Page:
Monday, June 05, 2017

Small Decisions Adding Up

As the publisher of Slaw, I get to see a lot of great commentary. I also get to see the statistics behind the website, and I don't mind sharing with you that local colleague Sarah Sutherland of CanLII has a fantastically successful post on her hands!

Her recent piece on Quantifying the Value of Legal Information had as much traffic in its first day as some Slaw posts see over the course of a month. Those are big numbers coming from a website that had 2M+ visits last year.

Sarah's calculation of revenue improvements aside, the premise behind her post is an argument I've been making for years: that small, incremental improvements inside of law firms should be the backbone of law firm administrators.

If you can steer-the-ship to a 1% improvement of efficiency, mid-to-large sized firms can see a serious impact on the firm's profits.  Simply put: Firms make better decisions by having better information in front of them. Some of that information can be external, which is why I liked the case strategy aspect of Loom Analytics; but firms that really know their business model are be able to carve up their internal data collections too.

Good internal information has always been key. Knowing about the firm's settlements in certain areas of practice; or about historical pricing of the firm's services (and its competitors); or as Sarah suggests,
 "things like getting an expert opinion, which is of course what the firm’s clients are already doing, looking at prior history and extrapolating, or conducting research in secondary sources of information and the primary law. This can increase confidence in predicting the outcomes of matters, thereby allowing the firm to make better recommendations. "
Law firms with substantial practice expertise are also in a position to align their accounting data with any of the above factors. This all, of course, is Knowledge Management or "KM".

There will always be individuals inside firms that will question the value of these efforts, but when your job is (as is most firm administrators) to create internal value beyond the artwork on the walls, it's these processes of quantifying the firm's experience that trumps other administrative priorities.

And not just for bigger firms. Small firms (think contingency fees) can profit at an even higher rate when "winning" a decision increases the engagement value.

So is having better legal information valuable? Of course it is.  Sarah Sutherland just happened to put some numbers behind this kind of thinking.

Quickscribe Annotations for May, 2017

Below are the latest Quickscribe additions for new annotations to BC legislation.
Quickscribe 2.0 is an easy and effective way to research, track and collaborate on BC legislation. If you haven't explored, there's a free trial.

Primer on Saskatchewan Legislative Research

It's nice to see law librarian super-blogger Alan Kirkpatrick contributing to VALL Review! In the most recent edition, Alan wrote a short primer on Saskatchewan legislative research, which he's reproduced in full over on his Library Canuck blog.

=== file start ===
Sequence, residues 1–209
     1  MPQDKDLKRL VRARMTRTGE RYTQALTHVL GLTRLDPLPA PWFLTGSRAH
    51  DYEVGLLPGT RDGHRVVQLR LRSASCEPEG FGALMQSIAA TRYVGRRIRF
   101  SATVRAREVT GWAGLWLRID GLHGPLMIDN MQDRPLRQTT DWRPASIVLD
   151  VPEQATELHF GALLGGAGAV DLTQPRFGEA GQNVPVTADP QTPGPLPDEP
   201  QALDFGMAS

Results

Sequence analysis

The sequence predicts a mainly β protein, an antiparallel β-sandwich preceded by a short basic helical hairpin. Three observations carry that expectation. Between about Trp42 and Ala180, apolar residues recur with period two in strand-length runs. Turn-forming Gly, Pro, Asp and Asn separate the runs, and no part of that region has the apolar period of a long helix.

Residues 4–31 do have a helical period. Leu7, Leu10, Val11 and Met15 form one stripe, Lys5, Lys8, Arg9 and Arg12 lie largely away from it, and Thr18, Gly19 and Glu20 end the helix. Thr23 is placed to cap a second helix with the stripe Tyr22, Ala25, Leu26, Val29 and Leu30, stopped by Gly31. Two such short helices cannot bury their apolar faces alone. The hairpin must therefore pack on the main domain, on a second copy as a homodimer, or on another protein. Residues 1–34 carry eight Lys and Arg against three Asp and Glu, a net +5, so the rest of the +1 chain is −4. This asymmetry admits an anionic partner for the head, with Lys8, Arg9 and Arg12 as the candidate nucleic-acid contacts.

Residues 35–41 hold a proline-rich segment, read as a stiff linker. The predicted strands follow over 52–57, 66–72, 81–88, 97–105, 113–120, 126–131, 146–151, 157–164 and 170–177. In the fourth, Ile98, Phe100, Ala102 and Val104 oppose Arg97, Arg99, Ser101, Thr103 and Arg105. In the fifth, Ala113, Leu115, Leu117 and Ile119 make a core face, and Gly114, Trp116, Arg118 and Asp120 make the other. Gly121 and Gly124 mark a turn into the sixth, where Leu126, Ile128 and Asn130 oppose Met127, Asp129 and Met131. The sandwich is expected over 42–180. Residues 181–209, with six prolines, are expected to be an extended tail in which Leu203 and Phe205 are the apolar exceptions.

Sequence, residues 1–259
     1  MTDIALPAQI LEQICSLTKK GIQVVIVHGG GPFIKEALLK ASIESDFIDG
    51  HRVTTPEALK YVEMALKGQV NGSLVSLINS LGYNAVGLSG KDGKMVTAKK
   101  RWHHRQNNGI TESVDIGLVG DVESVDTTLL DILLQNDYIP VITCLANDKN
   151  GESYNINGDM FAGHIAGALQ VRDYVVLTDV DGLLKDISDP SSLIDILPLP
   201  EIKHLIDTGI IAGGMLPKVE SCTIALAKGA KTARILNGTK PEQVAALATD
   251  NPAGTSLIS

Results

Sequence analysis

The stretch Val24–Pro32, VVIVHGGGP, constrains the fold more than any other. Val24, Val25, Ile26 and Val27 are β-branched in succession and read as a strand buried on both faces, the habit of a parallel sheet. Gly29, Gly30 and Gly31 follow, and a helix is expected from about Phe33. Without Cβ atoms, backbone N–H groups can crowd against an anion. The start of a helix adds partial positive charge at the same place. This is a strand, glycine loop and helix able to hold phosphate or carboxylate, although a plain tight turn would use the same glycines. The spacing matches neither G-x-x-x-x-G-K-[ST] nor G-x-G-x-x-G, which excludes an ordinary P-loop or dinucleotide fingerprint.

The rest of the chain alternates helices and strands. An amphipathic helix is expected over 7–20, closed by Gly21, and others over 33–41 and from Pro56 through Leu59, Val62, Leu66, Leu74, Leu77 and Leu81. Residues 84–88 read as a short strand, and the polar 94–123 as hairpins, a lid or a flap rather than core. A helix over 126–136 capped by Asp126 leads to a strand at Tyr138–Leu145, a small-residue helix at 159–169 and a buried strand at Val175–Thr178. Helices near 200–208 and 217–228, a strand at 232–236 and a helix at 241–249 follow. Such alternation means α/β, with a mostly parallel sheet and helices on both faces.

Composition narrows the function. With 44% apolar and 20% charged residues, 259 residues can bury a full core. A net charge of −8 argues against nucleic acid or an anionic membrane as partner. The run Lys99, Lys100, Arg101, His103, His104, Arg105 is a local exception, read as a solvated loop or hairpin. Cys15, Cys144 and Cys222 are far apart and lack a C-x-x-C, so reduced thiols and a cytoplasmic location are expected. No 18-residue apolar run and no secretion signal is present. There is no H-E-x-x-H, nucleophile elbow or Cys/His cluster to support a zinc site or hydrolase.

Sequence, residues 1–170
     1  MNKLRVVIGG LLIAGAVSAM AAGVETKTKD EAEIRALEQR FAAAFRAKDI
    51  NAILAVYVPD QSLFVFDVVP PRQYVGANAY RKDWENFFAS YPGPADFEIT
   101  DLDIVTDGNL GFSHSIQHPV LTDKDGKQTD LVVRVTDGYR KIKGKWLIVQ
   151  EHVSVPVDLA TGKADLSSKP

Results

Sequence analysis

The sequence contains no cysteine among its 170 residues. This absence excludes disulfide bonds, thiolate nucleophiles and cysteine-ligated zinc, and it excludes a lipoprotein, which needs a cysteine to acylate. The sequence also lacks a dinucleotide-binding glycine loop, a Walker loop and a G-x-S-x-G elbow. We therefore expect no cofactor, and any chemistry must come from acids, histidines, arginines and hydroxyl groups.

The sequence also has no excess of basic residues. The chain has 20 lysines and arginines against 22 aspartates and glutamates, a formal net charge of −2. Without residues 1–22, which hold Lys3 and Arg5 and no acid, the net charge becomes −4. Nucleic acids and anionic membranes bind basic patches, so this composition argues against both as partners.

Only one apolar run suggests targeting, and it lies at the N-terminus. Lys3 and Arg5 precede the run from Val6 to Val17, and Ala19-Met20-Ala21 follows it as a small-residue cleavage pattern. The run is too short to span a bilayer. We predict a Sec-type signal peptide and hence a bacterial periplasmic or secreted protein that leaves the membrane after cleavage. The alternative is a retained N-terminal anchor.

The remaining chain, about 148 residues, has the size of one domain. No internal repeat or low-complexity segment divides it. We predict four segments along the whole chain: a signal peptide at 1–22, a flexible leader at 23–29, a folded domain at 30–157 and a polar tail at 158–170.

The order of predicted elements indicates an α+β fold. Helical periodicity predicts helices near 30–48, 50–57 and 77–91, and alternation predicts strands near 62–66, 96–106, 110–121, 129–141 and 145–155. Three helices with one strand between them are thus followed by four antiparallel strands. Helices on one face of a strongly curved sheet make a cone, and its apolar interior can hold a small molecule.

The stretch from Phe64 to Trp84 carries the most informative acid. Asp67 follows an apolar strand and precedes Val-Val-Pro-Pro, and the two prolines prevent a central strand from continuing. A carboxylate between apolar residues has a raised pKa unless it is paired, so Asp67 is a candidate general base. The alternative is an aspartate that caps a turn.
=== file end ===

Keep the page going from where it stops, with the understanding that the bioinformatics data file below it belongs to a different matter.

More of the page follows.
These seven topics are covered:
  • Court Rules
  • Provincial Point-In-Time Research
  • Legislative Assembly Website
  • Legislative materials
  • Continuing Legal Education
  • Law Society of Saskatchewan Library
  • Additional Resources
Yes, this is a great excuse to visit Alan's blog & put it on your reading list.

Friday, June 02, 2017

Libraries as Friction Points

David Whelan has an inspiring post up this week, titled, Gatekeeper to a Thousand Gates.

The focus of David's discussion isn't necessarily on Law Libraries, though it's a lesson that anyone providing information to a targeted community would do well to listen to. In a fairly detailed example of the digital book sign-out process at his local public library, David describes the delicate balance that libraries must maintain between enabling access to information vs. putting up unintended additional barriers.

In the context of providing 'free' access (or communally paid for access) to licensed content, I think David has it right. Libraries focus on creating an ecosystem that's easy to use, but often end up putting up barriers; and I would add, the publishers themselves don't always make it easy for libraries to act as gatekeepers for paid services.

There is also a bit of an optics issue here. While public libraries often give the impression that the information they deliver is "free access", and publishers certainly do see this kind of access as competition, taking away from their paid product, these types of services are hardly free.

David's concept of "friction points" alone identifies the user's time investment as a soft cost to accessibility. Libraries can try to reduce this friction, but it's hard to imagine a situation where the library service is actually easier than purchasing the product. Which leads me to this question: Has it ever been easier? Is signing up for a library card and wait-listing for a popular piece of fiction any easier than going to the bookstore?

Don't get me wrong, Libraries can reduce the friction to digital borrowing services, as David describes. We can. I suspect we can get much closer using digital tools than we ever could with paper media. But I don't think we can directly compete with publishers. To be honest, I don't think publishers are motivated to make it easier for libraries (but that's a discussion for another day).

For me, really, all library services need to do is get close. If libraries can offer a reasonable alternative, especially when the original material or service doesn't have ROI for a user or group, then close is good enough.

(Horse shoes, hand grenades & library services? ;)